Use the render prop pattern without sacrificing component purity
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README.md

PureRenderPropComponent

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npm install --save pure-render-prop-component
# or
yarn add pure-render-prop-component

The render prop pattern in React allows us to build highly functional components, but it doesn’t play well with how React currently manages re-rendering.

import React, {Component} from 'react'

class CurrentTime extends Component {
  state = {currentTime: Date.now()}
  render() {
    return this.props.children(this.state.currentTime)
  }
}

class App extends Component {
  render() {
    return (
      <div>
        <CurrentTime>
          {// *
          currentTime => (
            <div>
              <p>{this.props.pageTitle}</p>
              <p>{currentTime}</p>
            </div>
          )}
        </CurrentTime>
      </div>
    )
  }
}

Here, our CurrentTime component will re-render every time our App component renders, even if neither CurrentTime’s state nor its props (in this case, its children function) have changed.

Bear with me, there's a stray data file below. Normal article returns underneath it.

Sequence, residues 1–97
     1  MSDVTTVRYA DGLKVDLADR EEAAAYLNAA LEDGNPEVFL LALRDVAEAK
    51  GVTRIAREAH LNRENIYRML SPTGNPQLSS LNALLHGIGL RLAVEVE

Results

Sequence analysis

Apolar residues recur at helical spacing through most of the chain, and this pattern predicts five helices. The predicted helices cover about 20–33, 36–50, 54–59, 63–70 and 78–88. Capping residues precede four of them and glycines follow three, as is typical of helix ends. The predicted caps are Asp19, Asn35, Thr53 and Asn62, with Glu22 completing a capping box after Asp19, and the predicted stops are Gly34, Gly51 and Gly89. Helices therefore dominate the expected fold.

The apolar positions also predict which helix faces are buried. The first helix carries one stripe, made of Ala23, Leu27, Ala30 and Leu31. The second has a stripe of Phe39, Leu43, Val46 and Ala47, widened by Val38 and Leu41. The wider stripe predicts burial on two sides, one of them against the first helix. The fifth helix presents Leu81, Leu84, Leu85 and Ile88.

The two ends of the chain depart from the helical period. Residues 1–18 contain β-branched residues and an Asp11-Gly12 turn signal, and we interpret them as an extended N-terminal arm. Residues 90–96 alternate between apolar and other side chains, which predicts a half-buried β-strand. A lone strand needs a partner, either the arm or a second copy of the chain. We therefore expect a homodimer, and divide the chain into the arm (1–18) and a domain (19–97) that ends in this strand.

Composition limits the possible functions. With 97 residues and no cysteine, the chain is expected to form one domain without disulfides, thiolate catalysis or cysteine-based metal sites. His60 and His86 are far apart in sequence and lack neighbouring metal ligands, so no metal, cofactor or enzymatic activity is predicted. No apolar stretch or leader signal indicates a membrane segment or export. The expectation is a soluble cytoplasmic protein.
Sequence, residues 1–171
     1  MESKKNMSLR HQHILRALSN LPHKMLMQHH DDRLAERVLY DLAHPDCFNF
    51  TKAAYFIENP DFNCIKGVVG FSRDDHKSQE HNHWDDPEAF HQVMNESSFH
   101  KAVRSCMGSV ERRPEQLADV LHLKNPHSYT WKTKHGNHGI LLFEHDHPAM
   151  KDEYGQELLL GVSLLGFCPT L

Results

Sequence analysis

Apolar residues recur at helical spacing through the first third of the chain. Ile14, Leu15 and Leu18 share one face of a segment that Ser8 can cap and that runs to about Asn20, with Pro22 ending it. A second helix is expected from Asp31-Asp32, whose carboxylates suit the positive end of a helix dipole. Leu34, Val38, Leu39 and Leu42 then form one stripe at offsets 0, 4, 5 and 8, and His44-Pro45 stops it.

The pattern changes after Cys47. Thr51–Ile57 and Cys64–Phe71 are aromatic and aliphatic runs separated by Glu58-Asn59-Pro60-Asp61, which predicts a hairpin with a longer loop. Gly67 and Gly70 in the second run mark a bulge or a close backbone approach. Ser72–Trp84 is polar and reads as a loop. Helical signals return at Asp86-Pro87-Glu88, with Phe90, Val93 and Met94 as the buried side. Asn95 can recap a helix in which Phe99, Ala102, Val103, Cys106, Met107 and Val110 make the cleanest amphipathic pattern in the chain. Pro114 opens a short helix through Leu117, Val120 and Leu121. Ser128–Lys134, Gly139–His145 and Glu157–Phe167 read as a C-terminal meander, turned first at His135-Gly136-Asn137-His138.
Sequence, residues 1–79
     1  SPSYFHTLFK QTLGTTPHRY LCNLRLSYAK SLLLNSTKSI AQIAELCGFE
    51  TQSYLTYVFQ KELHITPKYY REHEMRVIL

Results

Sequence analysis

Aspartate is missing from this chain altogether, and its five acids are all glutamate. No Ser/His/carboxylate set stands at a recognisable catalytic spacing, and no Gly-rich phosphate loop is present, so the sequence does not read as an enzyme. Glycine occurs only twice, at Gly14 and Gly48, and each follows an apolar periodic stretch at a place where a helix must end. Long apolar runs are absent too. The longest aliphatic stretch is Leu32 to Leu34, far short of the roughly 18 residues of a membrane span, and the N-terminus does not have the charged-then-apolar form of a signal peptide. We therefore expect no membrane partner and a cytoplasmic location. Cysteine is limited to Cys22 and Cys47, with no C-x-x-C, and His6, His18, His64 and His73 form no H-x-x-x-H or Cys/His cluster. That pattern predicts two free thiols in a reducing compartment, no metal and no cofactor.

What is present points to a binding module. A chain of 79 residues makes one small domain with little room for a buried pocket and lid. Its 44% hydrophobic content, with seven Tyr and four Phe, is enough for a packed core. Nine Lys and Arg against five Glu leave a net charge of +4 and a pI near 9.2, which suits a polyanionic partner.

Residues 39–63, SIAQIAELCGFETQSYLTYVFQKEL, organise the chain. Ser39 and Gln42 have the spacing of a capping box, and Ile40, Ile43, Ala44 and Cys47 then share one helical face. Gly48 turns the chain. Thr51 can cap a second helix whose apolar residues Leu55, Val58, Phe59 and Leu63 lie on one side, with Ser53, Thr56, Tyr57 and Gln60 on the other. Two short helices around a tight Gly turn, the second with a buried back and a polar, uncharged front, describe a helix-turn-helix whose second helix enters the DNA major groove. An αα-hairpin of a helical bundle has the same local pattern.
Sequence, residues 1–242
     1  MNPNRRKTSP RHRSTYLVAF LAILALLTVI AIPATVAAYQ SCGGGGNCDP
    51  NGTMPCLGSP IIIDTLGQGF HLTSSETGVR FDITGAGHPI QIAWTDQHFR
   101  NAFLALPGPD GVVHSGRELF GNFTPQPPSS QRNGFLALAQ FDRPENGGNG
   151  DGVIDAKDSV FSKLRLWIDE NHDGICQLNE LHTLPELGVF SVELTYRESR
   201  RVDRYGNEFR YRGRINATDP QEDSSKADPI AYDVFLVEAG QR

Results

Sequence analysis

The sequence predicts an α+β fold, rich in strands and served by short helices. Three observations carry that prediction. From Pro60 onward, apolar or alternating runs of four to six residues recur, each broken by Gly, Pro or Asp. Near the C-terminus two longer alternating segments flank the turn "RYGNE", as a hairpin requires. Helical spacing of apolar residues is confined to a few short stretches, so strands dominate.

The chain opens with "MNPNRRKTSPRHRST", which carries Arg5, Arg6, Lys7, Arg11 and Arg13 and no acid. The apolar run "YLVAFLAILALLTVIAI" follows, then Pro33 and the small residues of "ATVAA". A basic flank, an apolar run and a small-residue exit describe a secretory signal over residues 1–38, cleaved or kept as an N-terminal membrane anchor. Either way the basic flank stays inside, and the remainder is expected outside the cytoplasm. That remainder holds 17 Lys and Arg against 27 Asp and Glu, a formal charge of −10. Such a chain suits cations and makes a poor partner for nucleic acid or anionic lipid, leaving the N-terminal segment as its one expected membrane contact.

However, changing CurrentTime to inherit from PureComponent doesn’t help. The React docs explain why: PureComponent compares state and props, and only if a property of state or of props has changed, does it re-render. In the above case, every time App re-renders, the render prop supplied to CurrentTime (marked *) is recreated. Two functions which look the same are still two different functions, so CurrentTime#props.children has changed, and CurrentTime re-renders.

We can solve this by, as the React docs put it, defining the function “as an instance method”, in other words, moving the function out of our App component’s render method.

import React, {Component, PureComponent} from 'react'

class CurrentTime extends PureComponent {
  state = {currentTime: Date.now()}
  render() {
    return this.props.children(this.state.currentTime)
  }
}

class App extends Component {
  currentTimeCallback = currentTime => (
    <div>
      <p>{this.props.pageTitle}</p>
      <p>{currentTime}</p>
    </div>
  )

  render() {
    return (
      <div>
        <CurrentTime>{this.currentTimeCallback}</CurrentTime>
      </div>
    )
  }
}

Now, currentTimeCallback is only created once. PureComponent compares props before and after the re-render of App, finds that the children function hasn’t changed, and aborts the re-render of CurrentTime. Performance improved!

But there is a big problem waiting to happen. Our currentTimeCallback doesn’t just depend on the currentTime argument passed down from our CurrentTime component. It also renders App’s props.pageTitle. But with the above setup, when pageTitle changes, currentTimeCallback will not re-render. It will show the old pageTitle.

I struggled with this problem, trying all sorts of horrible hacks, until I came across this Github issue on the React repo, and the suggestion by a React developer of a possible solution. PureRenderPropComponent is my implementation of that solution.

Usage

import React, {Component} from 'react'